Bridgeport, CT, December 20, 2011 - To overcome a chronic shortage of donated embryos, CT Fertility has launched a holiday-season campaign to encourage parents who have multiple embryos in storage to donate them to prospective parents in need. In letters to hundreds of its clients that together have more than 3500 embryos in deep freeze, they are urged to “donate your unused embryos to someone who is currently facing the emotional, financial and physical hurdles which you yourself might recall experiencing.” For the first time this campaign also targets many of the clinic’s same-sex parents, for whom regulatory obstacles previously made the process of donating unused embryos close to impossible. The clinic streamlined the logistics and regulatory compliance process and instituted a non-anonymous donation option that for the first time opens the door to donations from gay parents, and makes the process easier for all.
Parenting with the help of donated embryos (sometimes referred to as “embryo adoption”) is a safe and affordable option often considered by couples after multiple attempts to have their own biological children, and single women who have no viable eggs of their own. Saving the need to retrieve eggs from a donor and create new embryos, overall treatment costs are considerably lower than those associated with other IVF cycles, especially if egg donation or surrogacy are involved. Nevertheless while CT Fertility has dozens of requests for donated embryos annually, supply typically falls short. Clinics across the country report similar shortage, despite the hundreds of thousands of embryos that accumulated as parents are unsure what to do with them. “Even when they consider their family complete, most parents might not always remember the option of donating their unused embryos, or they may choose to avoid making a decision,” says Dr. Michael Doyle, the clinic’s medical director. “The goal of our new outreach is to remind these parents of the opportunity to donate their unused embryos and illustrate the impact such a donation can have on other’s lives.”
One couple who recently benefited from CT Fertility’s embryo adoption program are Grace and Chris, who are celebrating the holidays this year for the first time with a child of their own. “This child is an absolute gift,” says Grace, “everyone adores him, it feels no different than having a child that is biologically ours… But without this gift we wouldn’t have been parents today.”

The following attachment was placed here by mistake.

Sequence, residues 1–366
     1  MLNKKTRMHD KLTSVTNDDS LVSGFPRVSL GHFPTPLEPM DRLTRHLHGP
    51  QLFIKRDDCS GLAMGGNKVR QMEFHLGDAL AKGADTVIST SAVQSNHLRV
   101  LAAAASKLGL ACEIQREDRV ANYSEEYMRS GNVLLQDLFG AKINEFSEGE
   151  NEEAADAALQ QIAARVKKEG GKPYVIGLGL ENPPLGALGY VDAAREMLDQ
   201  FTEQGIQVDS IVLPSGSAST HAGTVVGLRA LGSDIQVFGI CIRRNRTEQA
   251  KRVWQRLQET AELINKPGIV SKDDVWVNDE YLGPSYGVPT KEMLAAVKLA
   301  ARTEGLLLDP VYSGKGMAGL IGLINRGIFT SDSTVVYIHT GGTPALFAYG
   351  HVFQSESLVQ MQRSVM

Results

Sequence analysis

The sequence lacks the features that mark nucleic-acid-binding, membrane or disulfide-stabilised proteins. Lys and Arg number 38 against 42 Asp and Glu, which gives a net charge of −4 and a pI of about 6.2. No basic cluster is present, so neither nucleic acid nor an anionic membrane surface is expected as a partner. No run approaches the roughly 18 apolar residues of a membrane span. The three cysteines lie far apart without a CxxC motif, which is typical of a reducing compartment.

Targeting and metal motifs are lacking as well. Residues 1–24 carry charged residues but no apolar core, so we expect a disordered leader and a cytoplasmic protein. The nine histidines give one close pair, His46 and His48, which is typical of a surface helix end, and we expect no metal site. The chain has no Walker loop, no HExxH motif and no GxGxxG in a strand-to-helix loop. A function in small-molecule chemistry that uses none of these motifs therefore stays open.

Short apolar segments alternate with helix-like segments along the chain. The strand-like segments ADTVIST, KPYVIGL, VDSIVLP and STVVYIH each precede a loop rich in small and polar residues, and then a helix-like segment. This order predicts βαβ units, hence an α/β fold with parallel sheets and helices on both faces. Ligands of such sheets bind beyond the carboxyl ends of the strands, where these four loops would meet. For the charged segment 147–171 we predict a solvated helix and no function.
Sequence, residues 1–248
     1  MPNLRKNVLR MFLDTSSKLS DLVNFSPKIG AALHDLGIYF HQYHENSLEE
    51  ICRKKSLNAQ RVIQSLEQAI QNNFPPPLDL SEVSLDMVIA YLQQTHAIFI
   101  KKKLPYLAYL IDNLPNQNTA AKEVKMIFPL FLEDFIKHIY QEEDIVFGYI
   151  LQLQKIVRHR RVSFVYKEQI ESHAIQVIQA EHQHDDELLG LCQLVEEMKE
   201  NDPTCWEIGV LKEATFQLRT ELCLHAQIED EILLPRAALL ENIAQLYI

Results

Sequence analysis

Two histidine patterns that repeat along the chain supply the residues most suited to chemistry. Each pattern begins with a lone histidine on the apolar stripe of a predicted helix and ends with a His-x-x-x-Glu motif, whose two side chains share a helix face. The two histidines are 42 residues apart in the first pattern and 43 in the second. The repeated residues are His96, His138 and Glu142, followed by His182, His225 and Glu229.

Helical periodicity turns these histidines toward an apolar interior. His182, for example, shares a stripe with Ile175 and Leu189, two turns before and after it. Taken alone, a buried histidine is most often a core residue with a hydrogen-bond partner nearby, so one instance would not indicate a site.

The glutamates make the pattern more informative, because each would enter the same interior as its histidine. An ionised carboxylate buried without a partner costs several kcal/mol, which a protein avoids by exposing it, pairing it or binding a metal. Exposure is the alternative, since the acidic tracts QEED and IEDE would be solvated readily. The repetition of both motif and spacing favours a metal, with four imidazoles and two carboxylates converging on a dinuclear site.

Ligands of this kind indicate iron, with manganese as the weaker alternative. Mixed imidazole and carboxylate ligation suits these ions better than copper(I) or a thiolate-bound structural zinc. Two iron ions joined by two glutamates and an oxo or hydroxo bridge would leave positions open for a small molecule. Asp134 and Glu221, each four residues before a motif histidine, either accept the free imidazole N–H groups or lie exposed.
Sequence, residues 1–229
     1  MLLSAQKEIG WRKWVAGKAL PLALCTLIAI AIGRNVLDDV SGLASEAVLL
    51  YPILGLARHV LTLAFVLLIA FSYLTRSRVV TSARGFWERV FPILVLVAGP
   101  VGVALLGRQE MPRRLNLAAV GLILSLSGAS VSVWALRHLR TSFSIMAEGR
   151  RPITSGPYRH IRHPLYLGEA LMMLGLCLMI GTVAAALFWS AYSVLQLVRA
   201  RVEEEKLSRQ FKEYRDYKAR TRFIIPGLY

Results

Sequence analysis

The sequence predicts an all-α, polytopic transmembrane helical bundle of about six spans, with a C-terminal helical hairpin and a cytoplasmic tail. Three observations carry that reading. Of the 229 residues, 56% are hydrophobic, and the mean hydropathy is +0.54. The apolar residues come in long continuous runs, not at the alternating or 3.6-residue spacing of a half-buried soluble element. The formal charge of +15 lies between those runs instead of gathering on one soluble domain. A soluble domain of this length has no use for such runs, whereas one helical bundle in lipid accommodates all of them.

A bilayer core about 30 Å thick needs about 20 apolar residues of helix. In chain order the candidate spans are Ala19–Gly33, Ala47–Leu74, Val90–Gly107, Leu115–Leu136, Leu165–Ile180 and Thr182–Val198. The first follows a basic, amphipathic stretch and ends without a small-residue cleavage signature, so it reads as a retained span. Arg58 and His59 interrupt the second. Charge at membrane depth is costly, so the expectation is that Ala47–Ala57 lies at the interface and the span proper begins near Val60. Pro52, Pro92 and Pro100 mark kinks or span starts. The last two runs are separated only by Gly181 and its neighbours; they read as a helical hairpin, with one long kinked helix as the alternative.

Six months old Ben was born after a decade of failed attempts to become parents. After two miscarriages Grace had in 2001, the couple embarked on a journey that escalated to include the help of a gestational carrier, and several attempts with both Grace’s eggs and those of two egg donors. Exhausted from the psychological and financial toll of their journey, the use of donated embryos was suggested by Dr. Doyle. After 6 months of searching and waiting for a match, another CT Fertility couple came forward to donate 3 high quality day-5 frozen embryos. This time a pregnancy occurred on the first attempt, and their gestational surrogate carried Ben to term without a hitch. “We know the basic medical information and characteristic family attributes that the donors shared with us, but otherwise it was an anonymous donation,” said Grace. “We are forever thankful… We are the happiest we have been in more than 10 years, our son is the light and shining star in our lives, a rainbow of hope,” she said. “I call upon all who are in a position to do so to consider offering their leftover embryos for donation – you can change someone’s world forever!”
In the first few days of the campaign response has been very encouraging and over 20 embryos have been donated, with dozens more asking to learn more about the option. A parent who agreed to offer his unused embryos summed it up best when saying, “I wouldn’t have my beautiful twins today if not for the generosity of an egg donor… this is my way of paying it forward”.